Prelim%201%20Solutions - 2

# Prelim%201%20Solutions - 2 - Economics 3010 Fall 2009...

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Economics 3010 Professor Daniel Benjamin Fall 2009 Cornell University EXAM #1 SOLUTIONS I. True / False / Uncertain Your grade on these questions will depend on the generality, completeness, and persuasiveness of your explanation, not simply on whether the “true” or “false” is correct. The objective here is to provide an answer that convinces; not merely an answer that is “not wrong.” At the very least, make sure that you give clear definitions for the relevant economic terms used in the question. Please use a separate blue book for this section. (5 points) 1) If Ann’s preferences can be represented by utility function U ( a , b ) = a + b , and Bob’s by U ( a , b ) = ( a + b )^3, then Ann and Bob have the same preferences. True. 1 points : A utility function represents a person’s preferences if and only if, for any two consumption bundles, the function assigns a (strictly) higher number to (strictly) more- preferred bundle. 2 points : Such a utility function is unique up to a monotonic transformation. 1 point : ( a + b )^3 is a monotonic transformation of a + b . 1 point : Hence Ann and Bob have the same preferences. (5 points) 2) If Samantha owns a lot of jewelry, it is a normal good for her, and the price increases, her demand for jewelry will unambiguously fall. False. 1 point : Since the relative price of jewelry increased, the substitution effect says that Samantha will buy less jewelry. 1 point : The “ordinary” income effect says that because Samantha’s purchasing power has fallen, and since jewelry is a normal good, she will buy less jewelry. 1 point : However, there is also an endowment income effect because Samantha owns a lot of jewelry. 1 point : According to the endowment income effect, the increase in the price of jewelry increases Samantha’s wealth, which makes her buy more jewelry (since jewelry is a normal good). 1 point : Hence the net effect of the price increase on Samantha’s demand for jewelry is ambiguous.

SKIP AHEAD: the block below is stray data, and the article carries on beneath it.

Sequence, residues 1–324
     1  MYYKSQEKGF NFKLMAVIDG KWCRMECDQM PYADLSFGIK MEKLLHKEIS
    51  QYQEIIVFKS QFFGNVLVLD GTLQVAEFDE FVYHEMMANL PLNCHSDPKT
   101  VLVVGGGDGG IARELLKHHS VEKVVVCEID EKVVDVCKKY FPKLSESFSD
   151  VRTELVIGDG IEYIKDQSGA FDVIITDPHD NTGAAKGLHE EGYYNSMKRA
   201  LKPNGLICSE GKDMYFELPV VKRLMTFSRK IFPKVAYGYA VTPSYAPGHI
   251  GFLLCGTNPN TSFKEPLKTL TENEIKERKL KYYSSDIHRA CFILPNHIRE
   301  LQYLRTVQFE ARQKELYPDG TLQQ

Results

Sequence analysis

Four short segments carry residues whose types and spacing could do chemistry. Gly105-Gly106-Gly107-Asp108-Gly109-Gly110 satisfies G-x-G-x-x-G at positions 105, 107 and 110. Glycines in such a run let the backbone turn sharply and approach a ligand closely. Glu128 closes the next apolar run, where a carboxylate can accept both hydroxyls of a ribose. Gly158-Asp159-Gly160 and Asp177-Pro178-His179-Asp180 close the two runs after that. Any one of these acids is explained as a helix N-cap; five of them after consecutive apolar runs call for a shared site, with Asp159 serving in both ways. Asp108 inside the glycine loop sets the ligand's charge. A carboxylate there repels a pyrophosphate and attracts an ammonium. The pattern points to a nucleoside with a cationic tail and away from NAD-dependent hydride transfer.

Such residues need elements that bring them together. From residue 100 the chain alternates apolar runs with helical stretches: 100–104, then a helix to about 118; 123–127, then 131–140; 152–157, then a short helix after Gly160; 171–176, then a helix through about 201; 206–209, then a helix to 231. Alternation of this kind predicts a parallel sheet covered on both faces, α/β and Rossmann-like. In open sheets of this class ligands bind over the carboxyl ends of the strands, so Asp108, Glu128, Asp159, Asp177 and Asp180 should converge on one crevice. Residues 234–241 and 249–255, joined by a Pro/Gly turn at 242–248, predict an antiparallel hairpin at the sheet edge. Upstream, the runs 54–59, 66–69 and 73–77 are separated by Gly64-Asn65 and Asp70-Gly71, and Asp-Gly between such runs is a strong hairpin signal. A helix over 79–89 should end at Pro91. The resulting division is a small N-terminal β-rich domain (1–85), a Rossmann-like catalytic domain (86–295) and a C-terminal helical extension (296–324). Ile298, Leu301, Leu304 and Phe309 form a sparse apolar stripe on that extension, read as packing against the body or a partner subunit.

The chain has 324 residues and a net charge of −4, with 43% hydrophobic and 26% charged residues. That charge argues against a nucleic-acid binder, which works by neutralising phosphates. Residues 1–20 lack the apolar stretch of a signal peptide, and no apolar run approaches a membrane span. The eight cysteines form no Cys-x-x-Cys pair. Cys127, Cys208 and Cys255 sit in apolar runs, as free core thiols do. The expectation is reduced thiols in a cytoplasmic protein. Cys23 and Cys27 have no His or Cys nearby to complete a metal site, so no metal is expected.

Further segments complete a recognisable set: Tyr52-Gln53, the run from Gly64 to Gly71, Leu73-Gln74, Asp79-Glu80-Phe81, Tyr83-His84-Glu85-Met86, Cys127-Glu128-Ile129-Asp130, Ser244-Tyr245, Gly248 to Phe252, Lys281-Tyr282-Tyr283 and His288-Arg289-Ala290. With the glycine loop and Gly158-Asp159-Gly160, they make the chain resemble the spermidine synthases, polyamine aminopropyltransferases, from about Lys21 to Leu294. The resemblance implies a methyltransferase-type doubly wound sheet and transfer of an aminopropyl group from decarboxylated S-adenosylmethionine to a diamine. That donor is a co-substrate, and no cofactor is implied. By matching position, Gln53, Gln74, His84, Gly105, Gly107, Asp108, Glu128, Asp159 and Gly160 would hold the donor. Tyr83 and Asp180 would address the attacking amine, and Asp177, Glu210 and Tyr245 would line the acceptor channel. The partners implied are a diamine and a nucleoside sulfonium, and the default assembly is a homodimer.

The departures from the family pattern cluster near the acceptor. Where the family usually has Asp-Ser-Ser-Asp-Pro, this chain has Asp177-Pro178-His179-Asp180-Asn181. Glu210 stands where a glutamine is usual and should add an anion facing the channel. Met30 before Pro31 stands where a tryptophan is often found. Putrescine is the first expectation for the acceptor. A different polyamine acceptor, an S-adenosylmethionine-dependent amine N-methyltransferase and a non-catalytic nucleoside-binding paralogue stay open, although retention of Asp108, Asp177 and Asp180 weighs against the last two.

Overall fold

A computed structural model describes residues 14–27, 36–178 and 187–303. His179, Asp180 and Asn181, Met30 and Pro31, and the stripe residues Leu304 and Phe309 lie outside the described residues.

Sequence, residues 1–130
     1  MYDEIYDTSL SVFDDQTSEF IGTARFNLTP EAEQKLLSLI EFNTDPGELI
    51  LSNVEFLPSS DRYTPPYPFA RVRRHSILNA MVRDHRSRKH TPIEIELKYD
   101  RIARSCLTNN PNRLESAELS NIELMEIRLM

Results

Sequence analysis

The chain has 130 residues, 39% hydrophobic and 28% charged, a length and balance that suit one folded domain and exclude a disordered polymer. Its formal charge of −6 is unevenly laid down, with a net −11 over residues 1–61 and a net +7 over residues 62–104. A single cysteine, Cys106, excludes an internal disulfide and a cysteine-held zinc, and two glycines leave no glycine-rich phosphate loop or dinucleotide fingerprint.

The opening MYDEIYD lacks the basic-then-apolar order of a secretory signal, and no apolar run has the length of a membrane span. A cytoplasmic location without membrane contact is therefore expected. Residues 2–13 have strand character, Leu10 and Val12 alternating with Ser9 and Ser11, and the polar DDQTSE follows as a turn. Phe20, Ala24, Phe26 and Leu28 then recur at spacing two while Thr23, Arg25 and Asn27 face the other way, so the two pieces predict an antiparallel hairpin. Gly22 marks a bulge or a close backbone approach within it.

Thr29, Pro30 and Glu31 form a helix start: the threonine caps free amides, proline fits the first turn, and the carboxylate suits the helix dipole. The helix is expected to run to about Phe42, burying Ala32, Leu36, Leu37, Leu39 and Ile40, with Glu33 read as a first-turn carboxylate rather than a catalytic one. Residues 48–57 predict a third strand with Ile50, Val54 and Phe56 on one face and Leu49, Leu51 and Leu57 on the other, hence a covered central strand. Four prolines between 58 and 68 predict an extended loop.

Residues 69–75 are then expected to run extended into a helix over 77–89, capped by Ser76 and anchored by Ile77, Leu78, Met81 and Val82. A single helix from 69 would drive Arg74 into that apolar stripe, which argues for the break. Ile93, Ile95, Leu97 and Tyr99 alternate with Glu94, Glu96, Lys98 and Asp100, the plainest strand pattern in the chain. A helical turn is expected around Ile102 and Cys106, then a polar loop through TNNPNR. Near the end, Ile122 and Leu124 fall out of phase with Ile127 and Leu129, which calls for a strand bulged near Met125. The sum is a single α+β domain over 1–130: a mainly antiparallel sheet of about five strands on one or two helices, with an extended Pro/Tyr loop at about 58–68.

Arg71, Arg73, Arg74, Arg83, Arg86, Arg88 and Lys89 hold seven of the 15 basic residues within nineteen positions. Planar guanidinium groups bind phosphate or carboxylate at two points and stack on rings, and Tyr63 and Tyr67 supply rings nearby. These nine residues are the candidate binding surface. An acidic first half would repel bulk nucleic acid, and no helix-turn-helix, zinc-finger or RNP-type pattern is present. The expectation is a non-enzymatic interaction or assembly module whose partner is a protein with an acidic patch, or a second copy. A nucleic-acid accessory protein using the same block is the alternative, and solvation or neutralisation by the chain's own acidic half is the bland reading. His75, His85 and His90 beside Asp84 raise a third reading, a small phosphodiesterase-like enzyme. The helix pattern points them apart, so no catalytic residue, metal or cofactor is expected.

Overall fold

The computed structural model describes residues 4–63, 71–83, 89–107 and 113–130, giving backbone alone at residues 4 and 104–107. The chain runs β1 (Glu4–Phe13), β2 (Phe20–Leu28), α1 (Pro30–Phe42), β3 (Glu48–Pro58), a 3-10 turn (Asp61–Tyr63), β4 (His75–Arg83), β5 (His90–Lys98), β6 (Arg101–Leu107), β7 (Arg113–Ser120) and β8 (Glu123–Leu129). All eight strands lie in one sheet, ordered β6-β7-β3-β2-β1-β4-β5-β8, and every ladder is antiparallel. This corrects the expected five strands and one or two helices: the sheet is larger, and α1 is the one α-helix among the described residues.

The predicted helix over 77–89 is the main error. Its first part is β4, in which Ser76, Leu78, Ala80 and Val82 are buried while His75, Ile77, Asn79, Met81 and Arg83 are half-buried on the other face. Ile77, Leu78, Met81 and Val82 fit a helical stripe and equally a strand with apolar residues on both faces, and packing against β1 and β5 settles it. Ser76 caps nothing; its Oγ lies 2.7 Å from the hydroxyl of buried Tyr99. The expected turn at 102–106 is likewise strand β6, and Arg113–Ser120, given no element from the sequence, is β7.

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(5 points) 3) If supply is highly inelastic while demand is not, then a tax imposed on suppliers will be mostly borne by suppliers. True. 1 point : The burden of the tax falls more on the side of the market that is more inelastic. 1 point : Hence in this case, the tax will be borne mostly by suppliers. 2 points
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Prelim%201%20Solutions - 2 - Economics 3010 Fall 2009...

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